Prelude to a conversation
Not far from the outskirts of Corvallis, Oregon, Hwy 99 runs through the heart of the Willamette Valley. Wheat on both sides of the roadway is knee high and gold heads curve downward in gentle arcs. Whirling dust devils resemble small tornadoes as they spiral across recently harvested fields.
Turning onto the Applegate Trail Highway, tractors bumble along as my car passes by, winding through miles of leafy corridors towards the rural towns of Elmira and Veneta.
Oregon Travel Information Council (OTIC) Member-at-Large Mike Drennan is waiting patiently at Veneta’s Our Daily Bread Restaurant. We’re about to hold a conversation about how his life’s journey has led him to a second term on the OTIC.
We sit down to chat at a window table inside the cafe’s airy structure—a church in a previous incarnation. The former nave’s floorboards creak—whispering ghosts of past spiritual reverie. There is a buzz of anticipation from various alcoves where regular patrons wait for their generous portions of home-style and locally sourced food.
Aptitude for business acumen
Mike Drennan was born in the Pacific Northwest—Yakima to be precise. From there his family migrated to Central and Eastern Oregon to keep pace with his father’s employment. In Drennan’s junior year at high school, the family settled in Corvallis.
“I was a huge Beaver fan early on,” says Drennan with a bit of an impish smile. “But… ”
Drennan’s wry disclaimer mirrors his early bent for youthful independence. He set his sights on a business degree—a desire that led to the University of Oregon (UO) and ultimately, Duck fanship.
Overseas stations beckon
In 1968, Drennan emerged from UO with a degree in Business Finance. It was a volatile period in the US and many of his friends were joining the military to fight in Vietnam. Drennan’s father was a Navy veteran, so Drennan followed suit—meeting with naval recruiters about officer candidacy.
“My eyesight prevented me from piloting air or watercraft,” says Drennan. “So I was named Supply Control Officer and assigned to shore duty in Yokosuka, Japan.”
Within a short time after arriving in Japan, Drennan found himself assigned to a US Navy Landing Ship Tank, the USS Washo County LST 1165 (pictured below).
“Our job was to pick Marines up in Okinawa and deliver them to the shores of Vietnam,” says Drennan. “On the Washo, I ran the barber shop, mess hall, and the ship’s supply and payroll departments. We would disembark in-country and I worked onshore to administer payroll to the underwater teams and SEALS stationed in the Bo De River.”
Towards the close of Drennan’s naval career, his ship was decommissioned. Following a brief period in Bremerton, Washington, Drennan was transferred to Norfolk, VA. As he prepared for discharge, Drennan met a new love interest, who just happened to have a five year old son. Following the couple’s marriage, the young family headed back to Drennan’s beloved Oregon.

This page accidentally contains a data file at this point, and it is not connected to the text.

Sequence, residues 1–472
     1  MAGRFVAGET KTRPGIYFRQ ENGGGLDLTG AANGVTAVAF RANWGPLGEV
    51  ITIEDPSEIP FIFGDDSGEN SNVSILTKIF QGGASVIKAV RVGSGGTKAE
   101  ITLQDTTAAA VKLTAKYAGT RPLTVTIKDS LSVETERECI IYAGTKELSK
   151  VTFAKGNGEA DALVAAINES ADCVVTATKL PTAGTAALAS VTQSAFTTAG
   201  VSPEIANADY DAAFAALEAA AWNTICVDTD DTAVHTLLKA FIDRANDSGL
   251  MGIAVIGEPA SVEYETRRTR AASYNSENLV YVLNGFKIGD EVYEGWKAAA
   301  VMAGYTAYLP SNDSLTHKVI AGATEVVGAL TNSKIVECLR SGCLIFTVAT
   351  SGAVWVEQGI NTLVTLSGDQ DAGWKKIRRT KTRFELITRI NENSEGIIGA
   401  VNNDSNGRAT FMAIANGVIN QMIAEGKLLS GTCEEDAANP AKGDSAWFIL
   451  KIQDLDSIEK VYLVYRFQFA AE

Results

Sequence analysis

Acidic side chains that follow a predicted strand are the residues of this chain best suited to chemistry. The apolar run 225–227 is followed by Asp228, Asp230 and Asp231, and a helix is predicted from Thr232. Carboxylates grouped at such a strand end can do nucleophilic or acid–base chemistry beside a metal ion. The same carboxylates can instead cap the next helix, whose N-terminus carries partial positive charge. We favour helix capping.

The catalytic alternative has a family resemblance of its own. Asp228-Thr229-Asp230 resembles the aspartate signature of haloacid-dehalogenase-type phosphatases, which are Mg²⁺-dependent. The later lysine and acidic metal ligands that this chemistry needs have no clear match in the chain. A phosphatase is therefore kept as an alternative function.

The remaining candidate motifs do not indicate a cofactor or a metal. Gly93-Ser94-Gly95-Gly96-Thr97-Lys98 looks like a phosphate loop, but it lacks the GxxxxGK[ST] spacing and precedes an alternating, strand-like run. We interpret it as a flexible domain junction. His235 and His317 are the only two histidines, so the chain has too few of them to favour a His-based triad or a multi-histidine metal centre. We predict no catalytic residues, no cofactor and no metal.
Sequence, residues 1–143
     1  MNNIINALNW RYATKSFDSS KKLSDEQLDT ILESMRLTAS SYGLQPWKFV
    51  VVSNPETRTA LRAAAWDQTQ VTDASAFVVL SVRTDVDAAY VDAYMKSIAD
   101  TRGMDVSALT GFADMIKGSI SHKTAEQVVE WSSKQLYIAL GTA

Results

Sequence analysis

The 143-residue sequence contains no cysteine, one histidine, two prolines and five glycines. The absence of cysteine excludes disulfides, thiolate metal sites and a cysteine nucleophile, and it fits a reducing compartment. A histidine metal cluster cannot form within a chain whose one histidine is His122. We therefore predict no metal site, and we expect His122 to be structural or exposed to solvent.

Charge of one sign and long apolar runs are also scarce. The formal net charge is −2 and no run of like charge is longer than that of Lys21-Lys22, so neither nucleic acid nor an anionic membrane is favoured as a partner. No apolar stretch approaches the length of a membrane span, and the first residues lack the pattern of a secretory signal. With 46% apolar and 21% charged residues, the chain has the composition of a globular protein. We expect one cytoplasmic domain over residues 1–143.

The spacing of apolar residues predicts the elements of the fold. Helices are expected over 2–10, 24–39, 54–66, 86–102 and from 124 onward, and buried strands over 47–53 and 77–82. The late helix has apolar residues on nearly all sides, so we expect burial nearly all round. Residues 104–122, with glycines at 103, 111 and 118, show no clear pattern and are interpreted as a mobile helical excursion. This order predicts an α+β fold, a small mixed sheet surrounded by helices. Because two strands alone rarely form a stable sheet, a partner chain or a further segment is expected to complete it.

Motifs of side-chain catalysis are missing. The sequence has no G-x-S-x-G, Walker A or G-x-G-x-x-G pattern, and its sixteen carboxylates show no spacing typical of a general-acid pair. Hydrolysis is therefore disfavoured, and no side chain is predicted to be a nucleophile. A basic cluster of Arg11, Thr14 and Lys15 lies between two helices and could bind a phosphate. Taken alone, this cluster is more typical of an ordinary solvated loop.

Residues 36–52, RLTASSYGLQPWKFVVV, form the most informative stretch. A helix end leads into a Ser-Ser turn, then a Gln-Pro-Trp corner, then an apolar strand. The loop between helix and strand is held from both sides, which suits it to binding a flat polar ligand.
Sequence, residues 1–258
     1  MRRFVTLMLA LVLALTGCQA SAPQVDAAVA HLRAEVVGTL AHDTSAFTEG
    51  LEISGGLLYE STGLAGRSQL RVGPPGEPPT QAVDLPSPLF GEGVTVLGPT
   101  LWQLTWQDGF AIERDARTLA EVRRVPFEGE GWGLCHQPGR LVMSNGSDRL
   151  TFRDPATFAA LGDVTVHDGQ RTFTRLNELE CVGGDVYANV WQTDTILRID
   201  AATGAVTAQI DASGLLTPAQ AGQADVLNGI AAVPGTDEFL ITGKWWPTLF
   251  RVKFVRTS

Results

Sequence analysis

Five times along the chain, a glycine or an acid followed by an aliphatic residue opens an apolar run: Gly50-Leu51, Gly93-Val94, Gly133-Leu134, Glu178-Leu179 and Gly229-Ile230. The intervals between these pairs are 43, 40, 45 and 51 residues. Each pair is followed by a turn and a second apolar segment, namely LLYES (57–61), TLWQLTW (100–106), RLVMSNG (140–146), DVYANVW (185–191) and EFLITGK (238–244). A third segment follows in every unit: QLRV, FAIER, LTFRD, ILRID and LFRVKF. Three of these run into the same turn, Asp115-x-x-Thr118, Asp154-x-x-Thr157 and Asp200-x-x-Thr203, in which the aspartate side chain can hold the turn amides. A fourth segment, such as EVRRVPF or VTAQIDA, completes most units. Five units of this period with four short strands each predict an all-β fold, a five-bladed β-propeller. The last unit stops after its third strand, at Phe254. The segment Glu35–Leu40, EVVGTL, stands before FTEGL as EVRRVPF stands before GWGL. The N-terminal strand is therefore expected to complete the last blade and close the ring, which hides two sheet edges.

“On July 4th weekend in 1972, we arrived back in the Portland area, hoping for my acceptance to a bank management training program. But just a few days after our return, the bank I planned to work at shut its management program down, and I had to figure out what to do next.”
As one opening faded, another beckoned. Drennan enrolled in management training at the First State Bank in Milwaukie, Oregon—the first of many positions leading to a lifelong banking career.
Banking on a win
From Lending Officer to Vice President of Marketing and Strategic Planning at Citizens Bank, the young Drennan followed a circuitous path—returning to his teenage home of Corvallis.
He headed north to the University of Washington for more studies in banking—and then set his sights on heading an independent bank for the US Bancorp.
“I read in the local newspaper that US Bancorp was going to open a new bank in Corvallis, so I called up the manager” Drennan says, “and told him that I wanted to be president.”
“The guy just laughed at me and said ‘Who the heck are you?’ He thanked me for my inquiry but said they would be hiring from within the organization.”
“Fortunately I met someone on their organizing board, and after we spoke, he asked me to send along my resume. And that’s how I became President of the Bank of Corvallis.”
After many successive ventures helping lead various other financial institutions, Drennan ended his 40 year career and retired from Home Federal Bank.
Other irons call his name
For twenty years, Drennan has sat on the Board of Directors of Travel Lane County, and was Chair for two years. Six years ago, the CEO of Travel Lane County happened to tell Drennan about an opening on the OTIC.